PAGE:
Actor and football great Charles A. "Bubba" Smith grew up in Beaumont, Texas, graduating from Charlton-Pollard High School, where he played for his father, Coach Willie Ray Smith. Bubba went on to play for Michigan State University and became one of MSU's all-time great players, winning All-Big Ten and All-America honors for two straight years (1965 and 1966) as the team stomped through two unbeaten seasons and became the national champions. Whether he was playing tackle, defensive end, or middle guard, fans would cheer him on with, "Kill, Bubba, Kill!"
In 1967, the Baltimore Colts made him their number one draft choice. Although his rookie season was plagued with injuries, Smith came back strong his second season, contributing to the Colts' record of 15 victories in 17 games. Bubba stayed with the Colts through the 1972 season and racked up some impressive statistics. In his best season with the club, 1971, he blocked four fieldgoal attempts and sacked nine quarterbacks. He played in the NFL championship game in 1968 and the Super Bowl in 1969 and 1971. He was chosen All-AFC in 1970 and 1971, and played in the Pro-Bowl in 1971 and 1972. He missed the 1972 season for knee surgery and was traded to the Oakland Raiders for Raymond Chester in 1973. Smith moved to the Houston Oilers in 1975 and completed his career with them in 1977.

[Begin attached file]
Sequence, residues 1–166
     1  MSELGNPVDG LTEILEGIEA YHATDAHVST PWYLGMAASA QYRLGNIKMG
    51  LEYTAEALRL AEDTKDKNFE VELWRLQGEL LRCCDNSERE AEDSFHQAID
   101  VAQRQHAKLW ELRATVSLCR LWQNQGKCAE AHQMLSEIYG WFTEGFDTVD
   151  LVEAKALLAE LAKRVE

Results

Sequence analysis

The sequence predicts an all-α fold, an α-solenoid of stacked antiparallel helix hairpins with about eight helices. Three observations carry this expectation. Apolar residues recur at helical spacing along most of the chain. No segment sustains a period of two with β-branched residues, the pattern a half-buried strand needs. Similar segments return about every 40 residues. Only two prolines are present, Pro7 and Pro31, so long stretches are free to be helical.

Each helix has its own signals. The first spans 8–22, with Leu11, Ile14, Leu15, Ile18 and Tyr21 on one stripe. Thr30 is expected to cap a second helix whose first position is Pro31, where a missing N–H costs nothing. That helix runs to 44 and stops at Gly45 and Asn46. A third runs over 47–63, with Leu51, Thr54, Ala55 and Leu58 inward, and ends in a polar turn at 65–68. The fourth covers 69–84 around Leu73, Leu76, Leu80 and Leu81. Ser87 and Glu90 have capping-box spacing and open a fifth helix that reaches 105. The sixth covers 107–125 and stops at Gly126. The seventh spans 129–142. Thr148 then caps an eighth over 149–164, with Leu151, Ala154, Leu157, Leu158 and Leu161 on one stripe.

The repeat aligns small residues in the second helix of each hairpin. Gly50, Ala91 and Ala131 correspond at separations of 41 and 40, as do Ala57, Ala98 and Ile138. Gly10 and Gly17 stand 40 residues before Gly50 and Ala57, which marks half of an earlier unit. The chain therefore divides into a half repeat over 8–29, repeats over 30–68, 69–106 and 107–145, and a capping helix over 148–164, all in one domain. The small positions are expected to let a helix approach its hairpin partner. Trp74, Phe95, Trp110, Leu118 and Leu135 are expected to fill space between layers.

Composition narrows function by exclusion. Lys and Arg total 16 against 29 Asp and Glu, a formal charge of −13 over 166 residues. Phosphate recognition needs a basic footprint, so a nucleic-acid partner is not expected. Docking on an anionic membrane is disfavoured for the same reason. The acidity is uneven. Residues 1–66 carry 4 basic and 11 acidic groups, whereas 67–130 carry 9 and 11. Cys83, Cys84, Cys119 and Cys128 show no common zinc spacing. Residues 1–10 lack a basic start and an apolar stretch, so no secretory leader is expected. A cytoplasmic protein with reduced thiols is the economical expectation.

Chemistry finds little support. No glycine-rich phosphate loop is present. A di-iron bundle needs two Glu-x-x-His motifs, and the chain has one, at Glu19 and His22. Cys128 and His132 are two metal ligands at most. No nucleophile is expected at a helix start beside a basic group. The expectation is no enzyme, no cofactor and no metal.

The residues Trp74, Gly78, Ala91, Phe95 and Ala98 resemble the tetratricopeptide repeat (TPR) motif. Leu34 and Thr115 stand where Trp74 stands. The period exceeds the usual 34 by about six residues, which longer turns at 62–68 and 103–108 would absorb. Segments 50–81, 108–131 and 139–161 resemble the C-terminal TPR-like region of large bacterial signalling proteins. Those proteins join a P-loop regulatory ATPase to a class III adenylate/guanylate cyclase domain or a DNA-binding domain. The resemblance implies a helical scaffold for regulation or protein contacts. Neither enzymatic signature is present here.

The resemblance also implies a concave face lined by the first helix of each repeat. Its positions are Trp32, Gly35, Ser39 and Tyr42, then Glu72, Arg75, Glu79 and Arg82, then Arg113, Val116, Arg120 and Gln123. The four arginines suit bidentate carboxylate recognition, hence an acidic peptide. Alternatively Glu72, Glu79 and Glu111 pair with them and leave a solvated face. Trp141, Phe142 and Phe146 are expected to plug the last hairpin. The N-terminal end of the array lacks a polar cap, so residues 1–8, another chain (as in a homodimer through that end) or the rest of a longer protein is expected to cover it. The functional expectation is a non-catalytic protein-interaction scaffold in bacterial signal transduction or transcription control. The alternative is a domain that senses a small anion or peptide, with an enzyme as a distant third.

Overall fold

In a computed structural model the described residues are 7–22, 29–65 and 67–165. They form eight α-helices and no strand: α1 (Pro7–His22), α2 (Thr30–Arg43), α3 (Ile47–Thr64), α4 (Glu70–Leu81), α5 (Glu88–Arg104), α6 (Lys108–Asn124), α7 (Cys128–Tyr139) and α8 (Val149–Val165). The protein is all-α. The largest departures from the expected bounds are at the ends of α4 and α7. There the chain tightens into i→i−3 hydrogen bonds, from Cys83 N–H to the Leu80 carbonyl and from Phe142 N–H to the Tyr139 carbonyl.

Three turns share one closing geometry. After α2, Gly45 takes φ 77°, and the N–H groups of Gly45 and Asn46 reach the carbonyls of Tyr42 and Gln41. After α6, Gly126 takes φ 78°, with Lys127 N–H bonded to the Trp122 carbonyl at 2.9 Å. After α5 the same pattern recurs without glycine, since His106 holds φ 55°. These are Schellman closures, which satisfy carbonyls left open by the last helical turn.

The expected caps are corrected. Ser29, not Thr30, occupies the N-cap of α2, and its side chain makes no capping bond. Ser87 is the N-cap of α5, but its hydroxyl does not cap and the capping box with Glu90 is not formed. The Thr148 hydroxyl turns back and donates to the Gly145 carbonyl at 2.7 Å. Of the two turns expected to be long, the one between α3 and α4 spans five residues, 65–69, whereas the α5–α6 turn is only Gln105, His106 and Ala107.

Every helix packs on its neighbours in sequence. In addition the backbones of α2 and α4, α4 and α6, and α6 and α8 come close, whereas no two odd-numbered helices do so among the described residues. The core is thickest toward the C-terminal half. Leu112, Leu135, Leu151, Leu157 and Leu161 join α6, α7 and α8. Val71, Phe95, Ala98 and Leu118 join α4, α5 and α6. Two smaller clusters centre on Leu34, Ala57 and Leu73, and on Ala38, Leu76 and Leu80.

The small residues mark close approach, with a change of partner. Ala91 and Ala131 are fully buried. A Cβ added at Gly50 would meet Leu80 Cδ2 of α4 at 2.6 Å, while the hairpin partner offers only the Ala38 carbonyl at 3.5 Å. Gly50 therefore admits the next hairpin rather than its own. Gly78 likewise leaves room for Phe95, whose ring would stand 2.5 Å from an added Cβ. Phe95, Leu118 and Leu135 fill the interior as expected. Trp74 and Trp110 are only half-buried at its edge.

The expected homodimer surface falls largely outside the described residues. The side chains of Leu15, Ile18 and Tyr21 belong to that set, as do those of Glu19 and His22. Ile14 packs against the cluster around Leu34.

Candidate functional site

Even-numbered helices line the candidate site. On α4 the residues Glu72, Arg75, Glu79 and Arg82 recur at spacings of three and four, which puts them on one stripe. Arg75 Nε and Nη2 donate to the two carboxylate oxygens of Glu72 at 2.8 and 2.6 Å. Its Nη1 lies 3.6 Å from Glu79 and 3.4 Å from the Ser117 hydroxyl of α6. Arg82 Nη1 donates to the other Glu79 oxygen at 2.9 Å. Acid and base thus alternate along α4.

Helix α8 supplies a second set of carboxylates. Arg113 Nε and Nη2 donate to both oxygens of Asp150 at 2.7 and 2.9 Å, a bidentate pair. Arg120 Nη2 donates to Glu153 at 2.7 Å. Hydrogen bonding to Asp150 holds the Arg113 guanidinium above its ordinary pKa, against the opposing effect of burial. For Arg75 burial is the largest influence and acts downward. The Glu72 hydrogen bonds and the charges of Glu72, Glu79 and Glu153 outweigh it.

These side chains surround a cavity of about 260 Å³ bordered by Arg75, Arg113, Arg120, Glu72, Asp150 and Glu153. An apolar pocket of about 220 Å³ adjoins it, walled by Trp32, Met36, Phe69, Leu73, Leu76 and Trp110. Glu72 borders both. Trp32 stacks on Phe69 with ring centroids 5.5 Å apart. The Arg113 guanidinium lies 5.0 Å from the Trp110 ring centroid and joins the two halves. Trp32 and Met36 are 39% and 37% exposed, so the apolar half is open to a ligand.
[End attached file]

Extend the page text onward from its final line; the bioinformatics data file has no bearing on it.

A ten-year veteran of the NFL, wrote his memoirs, "Kill, Bubba, Kill," with Hal de Windt in 1983. He has developed a successful second career as an actor, first working in Miller Lite beer commercials then starring in the Police Academy movies. Smith says he quit the beer campaign because he felt it sent the "wrong message to kids." Smith has shown an enduring interest in education through his work with children and by endowing an engineering scholarship at Michigan State. Smith lives in Los Angeles, where he also acts as the president and CEO of Vital Aircraft Company, lobbying the Pentagon for government contracts.
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